As you know by now there is no scarcity of good books to read, study, and ponder. But there is a possibility that you can be so busy pursuing an education and striving to be well-rounded in thought that you neglect the pursuit of those things that matter most in an eternal perspective of life. If you are not careful, you can be so busy reading and studying from good books that you have little time, if any, to pursue a knowledge of the saving principles of the gospel.

During the past 16 years it has been my privilege to associate with wonderful high school and college students on several campuses in three states. However, not often do they speak of their student days as Elder Widtsoe spoke of his when he said, “Theology became our best-loved subject. It formed our outlook upon life; and made us more sensitive to right and wrong.” 7 Nor are there many who echo the words of Nephi when he said, “… my soul delighteth in the scriptures, and my heart pondereth them … my soul delighteth in the things of the Lord.” (2 Ne. 4:15–16.)

May I offer two suggestions to you who are seeking to grow in wisdom and to add knowledge to knowledge? First, read the scriptures and the general conference addresses. There is an oft-quoted scripture in section 88 of the Doctrine and Covenants that reads, “… seek ye out of the best books words of wisdom. …” (D&C 88:118.) The first part of the verse reads, “And as all have not faith, seek ye diligently and teach one another words of wisdom. …” It is not simply a matter of reading the best books of the world, but you must recognize what the specific problem is. The Lord said, “as all have not faith,” so the problem is that of strengthening your faith. The solution is to seek and teach words of wisdom from the best books.

What kind of wisdom could best strengthen faith? If we are specifically talking about faith in Jesus Christ, the wisdom we must seek is the word of the prophets. The best books containing the words of the prophets are the standard works and the conference addresses. Faith comes by hearing or reading the word of God as it is spoken or written.

The daily reading habit mentioned earlier can easily be applied to the scriptures and conference addresses. Here are some practical approaches to reading the scriptures: By reading seven pages a day you can finish all the standard works in less than a year. By reading nine pages a day from the Book of Mormon, you will read that great volume six times a year. By reading two sermons a day from the conference addresses, you can study and read the entire conference in less than a month and could reread it eight times in six months. The importance of these conference reports has been established by Elder Harold B. Lee:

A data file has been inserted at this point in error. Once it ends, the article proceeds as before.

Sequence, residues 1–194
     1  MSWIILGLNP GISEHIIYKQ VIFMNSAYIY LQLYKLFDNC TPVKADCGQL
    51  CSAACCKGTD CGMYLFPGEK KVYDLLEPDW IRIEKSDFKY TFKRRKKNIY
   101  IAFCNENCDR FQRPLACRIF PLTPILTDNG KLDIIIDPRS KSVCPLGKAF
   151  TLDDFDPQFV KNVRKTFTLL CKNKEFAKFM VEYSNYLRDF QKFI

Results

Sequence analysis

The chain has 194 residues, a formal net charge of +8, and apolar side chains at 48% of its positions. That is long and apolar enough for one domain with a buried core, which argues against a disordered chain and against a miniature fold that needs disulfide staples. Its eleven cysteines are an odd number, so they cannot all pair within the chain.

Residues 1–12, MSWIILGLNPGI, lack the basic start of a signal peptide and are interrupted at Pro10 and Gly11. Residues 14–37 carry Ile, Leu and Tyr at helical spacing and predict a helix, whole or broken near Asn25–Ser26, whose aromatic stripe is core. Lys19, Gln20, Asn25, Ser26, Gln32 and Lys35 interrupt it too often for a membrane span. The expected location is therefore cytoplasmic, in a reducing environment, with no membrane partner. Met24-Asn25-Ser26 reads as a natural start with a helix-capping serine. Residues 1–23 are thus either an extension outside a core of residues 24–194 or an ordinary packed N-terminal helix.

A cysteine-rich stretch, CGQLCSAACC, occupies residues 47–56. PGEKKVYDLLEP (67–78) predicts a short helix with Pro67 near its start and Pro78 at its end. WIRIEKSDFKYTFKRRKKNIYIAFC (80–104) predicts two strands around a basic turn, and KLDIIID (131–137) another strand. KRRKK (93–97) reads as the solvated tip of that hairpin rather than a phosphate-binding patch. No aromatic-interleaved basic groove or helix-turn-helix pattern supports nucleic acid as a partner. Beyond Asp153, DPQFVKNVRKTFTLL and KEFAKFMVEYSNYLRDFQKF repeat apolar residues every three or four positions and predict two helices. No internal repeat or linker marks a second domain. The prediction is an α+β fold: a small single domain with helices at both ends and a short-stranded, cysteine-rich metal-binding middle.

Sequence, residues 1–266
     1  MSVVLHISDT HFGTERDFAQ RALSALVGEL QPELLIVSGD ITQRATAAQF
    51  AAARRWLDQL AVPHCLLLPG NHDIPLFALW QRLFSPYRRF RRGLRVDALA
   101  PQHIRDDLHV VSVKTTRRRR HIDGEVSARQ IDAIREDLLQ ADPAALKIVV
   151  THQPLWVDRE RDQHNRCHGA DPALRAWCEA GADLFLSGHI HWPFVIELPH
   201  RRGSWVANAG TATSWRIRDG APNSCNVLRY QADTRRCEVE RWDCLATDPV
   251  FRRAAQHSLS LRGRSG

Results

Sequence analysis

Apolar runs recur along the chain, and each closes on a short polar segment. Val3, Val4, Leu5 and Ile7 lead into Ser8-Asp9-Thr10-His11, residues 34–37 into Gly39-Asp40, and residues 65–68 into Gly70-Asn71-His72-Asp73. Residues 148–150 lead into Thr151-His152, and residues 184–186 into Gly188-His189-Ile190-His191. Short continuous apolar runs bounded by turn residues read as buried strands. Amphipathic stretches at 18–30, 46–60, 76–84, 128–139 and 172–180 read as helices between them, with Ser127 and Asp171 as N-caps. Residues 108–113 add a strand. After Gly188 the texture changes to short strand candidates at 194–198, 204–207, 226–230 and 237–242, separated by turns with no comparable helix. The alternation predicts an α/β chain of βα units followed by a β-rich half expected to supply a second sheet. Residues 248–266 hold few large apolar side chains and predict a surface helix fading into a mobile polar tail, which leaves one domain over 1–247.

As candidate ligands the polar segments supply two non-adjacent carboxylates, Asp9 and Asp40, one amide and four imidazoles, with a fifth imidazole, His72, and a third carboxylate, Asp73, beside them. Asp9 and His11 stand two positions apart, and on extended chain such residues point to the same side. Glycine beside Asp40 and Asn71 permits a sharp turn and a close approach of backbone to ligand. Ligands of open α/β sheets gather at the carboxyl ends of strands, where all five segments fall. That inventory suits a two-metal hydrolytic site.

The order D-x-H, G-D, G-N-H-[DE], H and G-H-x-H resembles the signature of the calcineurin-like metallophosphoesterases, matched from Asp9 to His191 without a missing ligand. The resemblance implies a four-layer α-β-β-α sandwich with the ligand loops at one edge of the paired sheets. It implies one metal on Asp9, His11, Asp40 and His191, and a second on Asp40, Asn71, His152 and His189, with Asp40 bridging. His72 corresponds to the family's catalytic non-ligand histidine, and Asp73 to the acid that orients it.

“As the Latter-day Saints go home from this conference, it would be well if they consider seriously the importance of taking with them the report of this conference and let it be the guide to their walk and talk during the next six months.” 8

The second suggestion is that along with reading the scriptures and conference addresses there must be a serious effort made to study and ponder the things that are read. The gospel needs to be studied as seriously as one would study any other subject. Commenting on this, Brigham Young said:

“There are a great many branches of education: some go to college to learn languages, some to study law, some to study physic [sic], and some to study astronomy, and various other branches of science. … But our favourite study is that branch which particularly belongs to the Elders of Israel—namely, theology. Every Elder should become a profound theologian—should understand this branch better than all the world.” 9

It takes effort, time, and inspiration to master the things of God. A student of these things does more than occupy a desk in a religion class—he hungers and thirsts after a knowledge of the gospel centered in the atonement of Christ. But how does one develop this hunger and thirst for spiritual knowledge, you ask? By much reading and studying of the scriptures and by striving to be in harmony with the Holy Spirit by obedience to gospel principles and by much prayer. If this hunger and thirst is absent, you need simply ask yourself and the Lord what you are doing or failing to do that is blocking the desire to learn more of the gospel. But you must first be willing to put forth study and effort. B. H. Roberts said:

“It requires striving—intellectual and spiritual—to comprehend the things of God—even the revealed things of God. In no department of human endeavor is the aphorism ‘no excellence without labor’—more in force than in acquiring knowledge of the things of God. The Lord has placed no premium upon idleness or indifference here. …